Average Food Cost Per Month 2024 [How Much Should I Spend?]

Updated On: 09/01/2023
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Understanding how much you spend on food each month can provide a clear picture of your financial health.

Knowing the average food cost per month helps you chart a practical budget, ensuring that your hard-earned dollars are being spent mindfully. It's an essential step towards smart grocery spending and savings.

Discussing the average monthly food cost isn't just for finance nerds or meal planners; it's crucial to keeping your financial life in balance.

As simple as it might sound, this knowledge could be the catalyst that drives your journey towards better fiscal responsibility and healthy eating.

With this understanding, nothing stops you from enjoying your favorite meals while keeping your finances intact.

Average Food Cost per Month for U.S. Households

The average monthly food cost for U.S. households varies greatly depending on the size and income level of the household.

As per the U.S. Bureau of Labor Statistics 2019, the average U.S. household spent $4,643 on groceries, or approximately $387 per month.

This does not include dining out, which added $3,526 annually or nearly $294 per month to food costs, bringing the total to about $681 monthly expense on food for an average U.S. household.

USDA Average Food Cost per Month for a Single Person

USDA Average Food Cost per Month for a Single Person

As you set out to understand your monthly food cost, the United States Department of Agriculture (USDA) provides a handy food plan that breaks down spending into four categories: Thrifty, Low-cost, Moderate-cost, and Liberal.

The USDA bases these plans on the assumption that all meals and snacks are prepared at home. Consider these categories as you evaluate your grocery budget.


The USDA estimates that a single woman can expect to spend approximately $295 monthly at the most economical end of the spectrum, while a single man might be closer to $365.

This "Thrifty" plan indicates minimal spending without considering dietary restrictions or specific eating behaviors.

This budget represents the most value-driven choices, involving more cooking from scratch, limited dining out, and leveraging savings techniques like bulk buying and coupon use.


The low-cost plan is one step above thrifty in terms of spending. The average monthly cost for women rises slightly to $315, while for men, it's around $355.

These modest increases represent those who may allow more variety in their diets or perhaps occasionally splurge on premium items while maintaining a relatively conservative budget framework.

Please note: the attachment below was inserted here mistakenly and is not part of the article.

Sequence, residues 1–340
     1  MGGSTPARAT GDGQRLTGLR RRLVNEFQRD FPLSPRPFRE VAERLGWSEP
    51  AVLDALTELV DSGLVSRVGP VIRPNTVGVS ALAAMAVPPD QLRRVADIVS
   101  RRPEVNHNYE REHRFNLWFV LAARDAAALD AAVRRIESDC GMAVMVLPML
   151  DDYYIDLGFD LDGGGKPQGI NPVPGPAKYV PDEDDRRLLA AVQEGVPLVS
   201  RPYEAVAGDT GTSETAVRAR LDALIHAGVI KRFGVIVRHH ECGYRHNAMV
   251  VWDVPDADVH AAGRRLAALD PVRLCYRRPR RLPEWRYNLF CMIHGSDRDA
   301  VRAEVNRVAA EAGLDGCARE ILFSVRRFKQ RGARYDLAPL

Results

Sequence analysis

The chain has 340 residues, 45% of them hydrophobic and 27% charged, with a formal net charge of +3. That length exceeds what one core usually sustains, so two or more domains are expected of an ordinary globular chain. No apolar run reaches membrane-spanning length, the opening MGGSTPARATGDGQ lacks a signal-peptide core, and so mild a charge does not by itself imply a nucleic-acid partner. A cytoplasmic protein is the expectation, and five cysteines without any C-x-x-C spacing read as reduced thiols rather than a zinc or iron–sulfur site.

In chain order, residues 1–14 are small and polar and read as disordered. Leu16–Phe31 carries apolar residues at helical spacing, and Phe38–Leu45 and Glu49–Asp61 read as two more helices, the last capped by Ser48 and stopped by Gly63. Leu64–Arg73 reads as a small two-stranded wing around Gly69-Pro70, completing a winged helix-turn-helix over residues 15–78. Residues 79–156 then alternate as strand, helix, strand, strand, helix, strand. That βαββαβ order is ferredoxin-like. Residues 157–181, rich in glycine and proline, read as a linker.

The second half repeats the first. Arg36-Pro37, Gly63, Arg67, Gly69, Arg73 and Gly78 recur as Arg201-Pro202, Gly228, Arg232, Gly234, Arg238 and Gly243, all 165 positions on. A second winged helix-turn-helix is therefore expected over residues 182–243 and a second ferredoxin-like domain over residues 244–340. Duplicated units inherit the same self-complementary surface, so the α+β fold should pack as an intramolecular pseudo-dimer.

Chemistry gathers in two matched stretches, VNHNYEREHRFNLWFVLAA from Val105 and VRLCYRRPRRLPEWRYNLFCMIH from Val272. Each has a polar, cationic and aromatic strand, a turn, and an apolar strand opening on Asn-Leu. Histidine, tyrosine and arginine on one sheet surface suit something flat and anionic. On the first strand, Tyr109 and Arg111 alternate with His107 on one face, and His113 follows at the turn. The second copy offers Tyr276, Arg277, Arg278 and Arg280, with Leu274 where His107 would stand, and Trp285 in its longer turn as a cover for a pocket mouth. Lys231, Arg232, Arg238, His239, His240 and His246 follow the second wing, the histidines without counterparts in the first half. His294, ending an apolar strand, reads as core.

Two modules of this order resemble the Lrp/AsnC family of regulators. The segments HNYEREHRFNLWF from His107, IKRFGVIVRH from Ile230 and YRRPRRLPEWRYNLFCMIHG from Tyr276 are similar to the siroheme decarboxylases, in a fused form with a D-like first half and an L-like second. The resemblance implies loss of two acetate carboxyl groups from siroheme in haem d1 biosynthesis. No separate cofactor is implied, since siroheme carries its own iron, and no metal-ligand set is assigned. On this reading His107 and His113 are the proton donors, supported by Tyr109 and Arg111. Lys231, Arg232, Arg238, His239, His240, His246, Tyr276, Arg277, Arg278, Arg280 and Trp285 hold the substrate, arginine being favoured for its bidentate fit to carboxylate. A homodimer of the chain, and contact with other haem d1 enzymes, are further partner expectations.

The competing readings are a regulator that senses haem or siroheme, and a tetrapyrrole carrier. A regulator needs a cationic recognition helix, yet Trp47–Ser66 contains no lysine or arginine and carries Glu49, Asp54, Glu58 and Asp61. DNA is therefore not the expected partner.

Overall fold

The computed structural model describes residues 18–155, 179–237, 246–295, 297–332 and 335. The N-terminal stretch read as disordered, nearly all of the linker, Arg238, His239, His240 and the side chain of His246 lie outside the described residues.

Moderate cost

The USDA's moderate meal cost plan may suit those who enjoy home-cooked meals, healthy options, and infrequent restaurant nights.

Predictably higher than low-cost options, here's where gender-specific spending diverges more noticeably: women could expect an average monthly bill of about $380, while men would face around $445.

A moderate spender might prefer organic options more frequently or lean towards pricier protein options.


The "Liberal" plan, as outlined by the USDA, is the highest level of monthly food spending. This plan is tailored towards those who don’t have many restrictions on their grocery budget and can afford to buy premium foods frequently.

For a single woman, these costs are, on average, $485 per month, and for a single man, around $550 per month.

A liberal spender often splurges on luxury items such as gourmet cheeses, prime cuts of meat, or out-of-season produce.

They spend less time comparing prices or hunting down sales and gravitate towards organic selections, high-end brands, and possibly frequent dining-out experiences.

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USDA Food Plan Spending for a Two-Person Household (Male & Female)

USDA Food Plan Spending for a Two-Person Household (Male & Female)

When food budgeting for two people residing in the same household, it's essential to consider both individuals' eating patterns and preferences to account for trend variations. Let's examine the four USDA plans for a two-person household.


According to the USDA, a thrifty budget plan could expect to look at approximately $595 per month.

This implies meticulous meal planning and shrewd shopping techniques that optimize perceived value while considering both partners' dietary needs.

Opting for lower-cost products such as grains and seasonal fruits and vegetables while limiting pricier protein sources could be a strategic move at this spending level.


The average low-cost food budget plan shows a slight monthly uptick from the thrifty plan, at around $600.

While this bump may seem trivial, it could afford more flexibility in experimenting with diverse meals or occasionally incorporating higher-quality ingredients into your diet.

Careful consideration of sale items, attractive deals, shopping at discount grocers, or using loyalty programs would help maintain this figure without compromising on nutrition or variety.

Moderate cost

For those willing to extend their food expenditure further, a moderate-cost food plan averages around $760 per month.

This added expense could provide the luxury of exploring various fresh produce that would typically stretch beyond the budget of a strict low-cost plan.

Here's where moderate diners might indulge in seafood more frequently or invest in organic options whenever possible.